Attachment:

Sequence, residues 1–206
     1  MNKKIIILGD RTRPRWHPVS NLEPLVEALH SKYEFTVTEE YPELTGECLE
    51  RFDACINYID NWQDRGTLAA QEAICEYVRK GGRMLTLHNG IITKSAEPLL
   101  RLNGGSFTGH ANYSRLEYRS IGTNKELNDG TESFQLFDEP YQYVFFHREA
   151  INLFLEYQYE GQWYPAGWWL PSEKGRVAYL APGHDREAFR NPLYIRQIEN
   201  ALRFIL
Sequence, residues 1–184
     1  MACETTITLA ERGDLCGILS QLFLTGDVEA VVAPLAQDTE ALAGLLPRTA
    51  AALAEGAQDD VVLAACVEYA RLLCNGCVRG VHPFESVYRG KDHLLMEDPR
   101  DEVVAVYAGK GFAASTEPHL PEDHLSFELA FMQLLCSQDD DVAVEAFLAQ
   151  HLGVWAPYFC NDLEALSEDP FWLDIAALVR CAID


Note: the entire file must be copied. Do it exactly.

Sequence, residues 1–206
     1  MNKKIIILGD RTRPRWHPVS NLEPLVEALH SKYEFTVTEE YPELTGECLE
    51  RFDACINYID NWQDRGTLAA QEAICEYVRK GGRMLTLHNG IITKSAEPLL
   101  RLNGGSFTGH ANYSRLEYRS IGTNKELNDG TESFQLFDEP YQYVFFHREA
   151  INLFLEYQYE GQWYPAGWWL PSEKGRVAYL APGHDREAFR NPLYIRQIEN
   201  ALRFIL
Sequence, residues 1–184
     1  MACETTITLA ERGDLCGILS QLFLTGDVEA VVAPLAQDTE ALAGLLPRTA
    51  AALAEGAQDD VVLAACVEYA RLLCNGCVRG VHPFESVYRG KDHLLMEDPR
   101  DEVVAVYAGK GFAASTEPHL PEDHLSFELA FMQLLCSQDD DVAVEAFLAQ
   151  HLGVWAPYFC NDLEALSEDP FWLDIAALVR CAID